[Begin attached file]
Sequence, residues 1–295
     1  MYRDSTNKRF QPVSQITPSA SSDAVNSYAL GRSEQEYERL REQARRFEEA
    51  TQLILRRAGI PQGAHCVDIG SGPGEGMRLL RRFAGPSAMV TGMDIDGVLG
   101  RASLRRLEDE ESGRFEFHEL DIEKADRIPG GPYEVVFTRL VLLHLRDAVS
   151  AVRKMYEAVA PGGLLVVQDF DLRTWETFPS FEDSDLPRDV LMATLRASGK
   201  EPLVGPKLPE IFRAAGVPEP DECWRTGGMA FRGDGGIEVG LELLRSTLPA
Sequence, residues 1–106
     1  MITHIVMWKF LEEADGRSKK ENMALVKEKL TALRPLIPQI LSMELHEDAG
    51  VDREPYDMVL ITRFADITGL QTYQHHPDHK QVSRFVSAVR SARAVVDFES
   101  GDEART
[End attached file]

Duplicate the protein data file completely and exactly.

Sequence, residues 1–295
     1  MYRDSTNKRF QPVSQITPSA SSDAVNSYAL GRSEQEYERL REQARRFEEA
    51  TQLILRRAGI PQGAHCVDIG SGPGEGMRLL RRFAGPSAMV TGMDIDGVLG
   101  RASLRRLEDE ESGRFEFHEL DIEKADRIPG GPYEVVFTRL VLLHLRDAVS
   151  AVRKMYEAVA PGGLLVVQDF DLRTWETFPS FEDSDLPRDV LMATLRASGK
   201  EPLVGPKLPE IFRAAGVPEP DECWRTGGMA FRGDGGIEVG LELLRSTLPA
Sequence, residues 1–106
     1  MITHIVMWKF LEEADGRSKK ENMALVKEKL TALRPLIPQI LSMELHEDAG
    51  VDREPYDMVL ITRFADITGL QTYQHHPDHK QVSRFVSAVR SARAVVDFES
   101  GDEART